You don’t see a whole lot of advertising from US airlines these days. Perhaps that’s because decisions about whom to fly are made on the basis of corporate contracts, frequent flyer programs, schedule or lowest price.
American spent a bit of money on ads during bankruptcy and in conjunction with Disney’s Planes.
But beyond that, it’s a rarity. It used to be much more common, you could hardly watch television without it. Even five years ago it was ubiquitous.
Sometimes New York heats up with airline ads,
ContinentalUnited needs to convince that Newark is really New York, Delta needs to convince you that they’re the biggest and baddest even though before acquiring a minority stake in Virgin Atlantic they had only three daily flights to Heathrow.
If you aren’t in New York, though, do you see airline ads regularly?
Airline advertising is hard. What are you trying to accomplish? Convince people that flying is great, they might as well do it with your competitor. But what do you have to really differentiate your product from other airline offerings? Some airlines need brand awareness, need you to know they exist, but those airlines aren’t likely well funded enough to buy much television time. (They might make outrageous ads that they hope get picked up by the news.. or by bloggers.)
There are some basic categories that ads fall into, most failing to give you a reason to fly the airline — and those that do give you a reason rarely managed to drive business.
Airline Commercials That Sell Flying
In the first half of the last century you had to sell people on flying. Sure, they might not pick your airline but the biggest issue wasn’t getting them on your plane, it was getting people into a plane at all. It was expensive, it was scary, and it was new.
In 1933, it took a 20 minute short film to educate your customers about what it meant to fly. Sure, you only mentioned your brand, but there really wasn’t any comparison to other airlines.
But the idea of selling flying hasn’t really gone away. Ad campaigns such as United’s “It’s Time to Fly” may be feel good, but they never got across the reason you’d want to fly United.
If you’re going to do that, you had darned well better be United. Because Rhapsody in Blue is Awesome. And you had darned well better have Gene Hackman doing your voiceovers too:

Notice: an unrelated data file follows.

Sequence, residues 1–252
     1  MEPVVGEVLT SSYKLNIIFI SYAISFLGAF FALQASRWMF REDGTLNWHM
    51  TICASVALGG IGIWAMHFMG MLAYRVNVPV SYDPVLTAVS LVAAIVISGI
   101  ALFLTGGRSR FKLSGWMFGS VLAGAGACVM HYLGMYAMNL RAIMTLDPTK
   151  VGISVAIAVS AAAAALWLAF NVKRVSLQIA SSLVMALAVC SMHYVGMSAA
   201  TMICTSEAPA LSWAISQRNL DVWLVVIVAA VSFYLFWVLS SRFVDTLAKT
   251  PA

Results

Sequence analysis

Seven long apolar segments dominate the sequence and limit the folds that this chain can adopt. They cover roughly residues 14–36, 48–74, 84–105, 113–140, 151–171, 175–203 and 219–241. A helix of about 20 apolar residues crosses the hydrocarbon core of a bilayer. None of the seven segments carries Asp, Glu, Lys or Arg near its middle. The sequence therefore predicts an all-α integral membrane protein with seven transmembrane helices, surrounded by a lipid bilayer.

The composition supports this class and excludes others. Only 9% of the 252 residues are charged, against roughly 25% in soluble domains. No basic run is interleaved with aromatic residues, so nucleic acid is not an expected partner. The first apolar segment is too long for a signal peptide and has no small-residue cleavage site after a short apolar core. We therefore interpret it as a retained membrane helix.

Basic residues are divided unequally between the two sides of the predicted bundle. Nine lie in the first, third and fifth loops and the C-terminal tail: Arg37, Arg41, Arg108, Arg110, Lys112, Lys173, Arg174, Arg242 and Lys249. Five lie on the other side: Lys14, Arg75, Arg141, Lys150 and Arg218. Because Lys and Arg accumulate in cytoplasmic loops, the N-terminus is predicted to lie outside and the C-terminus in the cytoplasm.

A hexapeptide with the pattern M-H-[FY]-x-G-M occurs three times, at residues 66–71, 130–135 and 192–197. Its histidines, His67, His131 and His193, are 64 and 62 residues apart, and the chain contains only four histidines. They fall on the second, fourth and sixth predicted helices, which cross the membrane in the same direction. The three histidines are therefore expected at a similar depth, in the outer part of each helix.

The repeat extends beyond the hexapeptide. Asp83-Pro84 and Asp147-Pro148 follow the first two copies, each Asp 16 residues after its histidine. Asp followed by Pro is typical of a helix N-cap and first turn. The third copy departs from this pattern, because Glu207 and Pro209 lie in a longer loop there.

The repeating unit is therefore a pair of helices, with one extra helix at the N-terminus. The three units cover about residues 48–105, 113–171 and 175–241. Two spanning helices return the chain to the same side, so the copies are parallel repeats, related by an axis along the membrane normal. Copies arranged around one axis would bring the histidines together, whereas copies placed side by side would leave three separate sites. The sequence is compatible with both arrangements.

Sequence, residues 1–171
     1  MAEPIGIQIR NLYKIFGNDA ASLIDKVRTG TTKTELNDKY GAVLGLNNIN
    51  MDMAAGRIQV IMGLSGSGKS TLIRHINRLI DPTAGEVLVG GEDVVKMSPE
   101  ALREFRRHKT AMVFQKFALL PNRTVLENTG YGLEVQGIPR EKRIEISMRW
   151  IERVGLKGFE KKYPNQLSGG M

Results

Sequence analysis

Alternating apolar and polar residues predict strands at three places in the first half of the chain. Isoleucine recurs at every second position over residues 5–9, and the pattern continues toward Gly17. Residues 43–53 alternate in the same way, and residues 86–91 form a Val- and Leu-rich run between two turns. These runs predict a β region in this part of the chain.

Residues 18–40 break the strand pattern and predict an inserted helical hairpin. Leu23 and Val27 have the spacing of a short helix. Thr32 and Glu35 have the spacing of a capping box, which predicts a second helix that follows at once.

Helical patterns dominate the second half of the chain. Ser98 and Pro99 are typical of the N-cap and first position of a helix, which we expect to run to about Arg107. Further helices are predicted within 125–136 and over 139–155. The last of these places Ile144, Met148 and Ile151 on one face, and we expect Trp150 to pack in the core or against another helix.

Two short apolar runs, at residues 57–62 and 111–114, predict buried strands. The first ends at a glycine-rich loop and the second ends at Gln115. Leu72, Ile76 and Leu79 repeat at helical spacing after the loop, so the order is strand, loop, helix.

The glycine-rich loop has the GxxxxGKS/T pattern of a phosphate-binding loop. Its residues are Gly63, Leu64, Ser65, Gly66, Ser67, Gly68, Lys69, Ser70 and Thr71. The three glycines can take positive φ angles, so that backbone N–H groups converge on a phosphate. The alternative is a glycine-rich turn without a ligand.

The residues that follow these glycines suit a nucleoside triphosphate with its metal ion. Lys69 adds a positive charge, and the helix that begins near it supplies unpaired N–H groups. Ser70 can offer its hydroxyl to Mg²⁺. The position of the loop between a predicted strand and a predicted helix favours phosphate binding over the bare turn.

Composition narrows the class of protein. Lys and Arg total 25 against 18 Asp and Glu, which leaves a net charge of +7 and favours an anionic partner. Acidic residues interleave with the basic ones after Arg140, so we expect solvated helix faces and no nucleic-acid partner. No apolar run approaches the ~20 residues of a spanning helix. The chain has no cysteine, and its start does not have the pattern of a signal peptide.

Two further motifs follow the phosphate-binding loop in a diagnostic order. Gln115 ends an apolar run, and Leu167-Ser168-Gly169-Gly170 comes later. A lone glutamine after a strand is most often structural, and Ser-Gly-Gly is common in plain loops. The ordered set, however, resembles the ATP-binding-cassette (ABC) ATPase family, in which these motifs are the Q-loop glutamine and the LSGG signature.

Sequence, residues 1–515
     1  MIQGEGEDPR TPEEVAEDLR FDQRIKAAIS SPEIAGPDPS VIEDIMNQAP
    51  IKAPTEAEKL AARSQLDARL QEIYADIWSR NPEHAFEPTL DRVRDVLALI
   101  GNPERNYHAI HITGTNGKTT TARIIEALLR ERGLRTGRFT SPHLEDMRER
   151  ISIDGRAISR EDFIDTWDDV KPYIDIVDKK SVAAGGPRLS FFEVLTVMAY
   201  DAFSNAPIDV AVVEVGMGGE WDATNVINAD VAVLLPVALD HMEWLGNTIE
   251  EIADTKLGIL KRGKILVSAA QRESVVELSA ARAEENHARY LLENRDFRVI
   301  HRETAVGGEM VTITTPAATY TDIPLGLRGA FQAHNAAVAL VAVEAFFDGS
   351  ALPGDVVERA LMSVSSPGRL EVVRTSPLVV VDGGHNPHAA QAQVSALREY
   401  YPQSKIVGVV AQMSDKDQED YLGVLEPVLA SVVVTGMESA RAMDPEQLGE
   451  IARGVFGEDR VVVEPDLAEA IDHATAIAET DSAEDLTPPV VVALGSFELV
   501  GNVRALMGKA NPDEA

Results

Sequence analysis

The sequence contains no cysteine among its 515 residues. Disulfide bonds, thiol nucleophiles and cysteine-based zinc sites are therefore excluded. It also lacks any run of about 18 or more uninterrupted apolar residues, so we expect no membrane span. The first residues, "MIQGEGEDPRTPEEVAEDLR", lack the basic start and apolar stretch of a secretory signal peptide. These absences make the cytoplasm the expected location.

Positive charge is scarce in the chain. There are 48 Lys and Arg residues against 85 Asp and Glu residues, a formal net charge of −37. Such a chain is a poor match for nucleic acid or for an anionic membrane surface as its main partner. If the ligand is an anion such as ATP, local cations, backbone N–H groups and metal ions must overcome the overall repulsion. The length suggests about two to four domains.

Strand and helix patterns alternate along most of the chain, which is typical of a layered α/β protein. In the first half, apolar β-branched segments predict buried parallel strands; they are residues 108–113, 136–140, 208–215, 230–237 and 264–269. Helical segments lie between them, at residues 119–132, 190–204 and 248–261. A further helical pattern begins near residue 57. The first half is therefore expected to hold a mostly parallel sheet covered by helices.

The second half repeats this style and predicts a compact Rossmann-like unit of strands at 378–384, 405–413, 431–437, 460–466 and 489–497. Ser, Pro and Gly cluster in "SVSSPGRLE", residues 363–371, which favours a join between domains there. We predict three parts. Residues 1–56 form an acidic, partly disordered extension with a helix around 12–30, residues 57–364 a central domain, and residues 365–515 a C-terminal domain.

… because if you’re American Airlines and you tell everyone you know why they fly, that you’re watching them, then it’s just kind of creepy (in a “long before it was cool for the NSA to read your e-mail” kind of way).
Airline Commercials That Try to Sell Their Destination
Come to Canada! Sure, you could fly Delta, United, or American to get there but we have Canada in our name…
Airline Commercials That Sell Features and Benefits
Americans have a bit of an inferiority complex about Europe, things from Europe are often just seen as better. I’ll never forget the shampoo and soap dispensers mounted in the shower of the low end motel my high school debate team used to stay at in Bakersfield — it was branded “EuroBath” — and TWA featured
EuroBathTransworld Service. They pitched themselves as European. “Wines of the world over Washington, Continental cuisine over Colorado, foreign films over Phoenix.. Get a Taste of Europe at 30,000 feet.”
Alaska Airlines is a full service airline, they won’t nickel and dime you. Which really matters when you’ve got to use the lavatory.
Continental Airlines isn’t taking away pillows, and will still feed you at meal time. Sure, you used to make fun of airline meals. They always seemed gross. But we’ll still give them to you!
Some airlines have tried to say that their people are just better, friendlier, warmer – the kind of people you want taking care of you. (No one would try that sort of advertising today, because no one would believe it, but United used to be the Friendly Skies.)
Maybe you just want to be funny and kind of offensive to catch your viewers’ attention while you point out that your fares are really, really cheap.
Or to get the point across that you have fully flat beds that offer privacy:
Airline Commercials That Sell Sex
Southwest started out its existence selling sex. They put flight attendants in hot pants. Their stock ticket symbol is LUV. And their original automated ticket machines were called “quickies.” So it’s no surprise their commercials were similarly imbued:
Braniff believed that “even an airline hostess should look like a girl.”
There’s nothing quite like Avianova, though.
Unfortunately this commercial isn’t for an actual airline.
I’ve spent way too much time down memory lane on YouTube but there are some great memories. Watching the TWA video all the way through there are other commercials, like promoting their domestic business class “for just $10 to $30 more” that’s comfortable even for seven foot tall basketball players.
I miss good airline ads, but that doesn’t mean they make business sense. Virgin America could probably leverage television in a few markets with its brand, but it’s expensive and the don’t make money…
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